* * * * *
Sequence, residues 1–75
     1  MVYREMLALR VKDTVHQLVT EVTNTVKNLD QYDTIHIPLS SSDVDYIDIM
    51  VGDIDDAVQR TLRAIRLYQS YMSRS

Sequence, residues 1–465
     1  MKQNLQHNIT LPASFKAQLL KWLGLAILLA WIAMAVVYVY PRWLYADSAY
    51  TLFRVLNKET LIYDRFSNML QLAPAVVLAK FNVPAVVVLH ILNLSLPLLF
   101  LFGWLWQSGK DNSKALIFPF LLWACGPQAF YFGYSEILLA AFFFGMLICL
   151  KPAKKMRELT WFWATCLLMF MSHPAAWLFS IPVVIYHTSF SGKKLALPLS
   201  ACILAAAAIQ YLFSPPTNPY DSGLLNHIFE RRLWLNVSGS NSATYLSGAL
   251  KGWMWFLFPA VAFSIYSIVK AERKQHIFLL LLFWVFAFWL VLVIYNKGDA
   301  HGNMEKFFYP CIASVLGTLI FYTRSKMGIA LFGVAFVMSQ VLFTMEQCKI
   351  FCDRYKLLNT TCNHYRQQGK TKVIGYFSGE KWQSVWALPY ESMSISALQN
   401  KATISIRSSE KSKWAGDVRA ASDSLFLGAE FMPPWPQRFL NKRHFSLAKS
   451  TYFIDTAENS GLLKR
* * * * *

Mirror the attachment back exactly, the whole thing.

Sequence, residues 1–75
     1  MVYREMLALR VKDTVHQLVT EVTNTVKNLD QYDTIHIPLS SSDVDYIDIM
    51  VGDIDDAVQR TLRAIRLYQS YMSRS

Sequence, residues 1–465
     1  MKQNLQHNIT LPASFKAQLL KWLGLAILLA WIAMAVVYVY PRWLYADSAY
    51  TLFRVLNKET LIYDRFSNML QLAPAVVLAK FNVPAVVVLH ILNLSLPLLF
   101  LFGWLWQSGK DNSKALIFPF LLWACGPQAF YFGYSEILLA AFFFGMLICL
   151  KPAKKMRELT WFWATCLLMF MSHPAAWLFS IPVVIYHTSF SGKKLALPLS
   201  ACILAAAAIQ YLFSPPTNPY DSGLLNHIFE RRLWLNVSGS NSATYLSGAL
   251  KGWMWFLFPA VAFSIYSIVK AERKQHIFLL LLFWVFAFWL VLVIYNKGDA
   301  HGNMEKFFYP CIASVLGTLI FYTRSKMGIA LFGVAFVMSQ VLFTMEQCKI
   351  FCDRYKLLNT TCNHYRQQGK TKVIGYFSGE KWQSVWALPY ESMSISALQN
   401  KATISIRSSE KSKWAGDVRA ASDSLFLGAE FMPPWPQRFL NKRHFSLAKS
   451  TYFIDTAENS GLLKR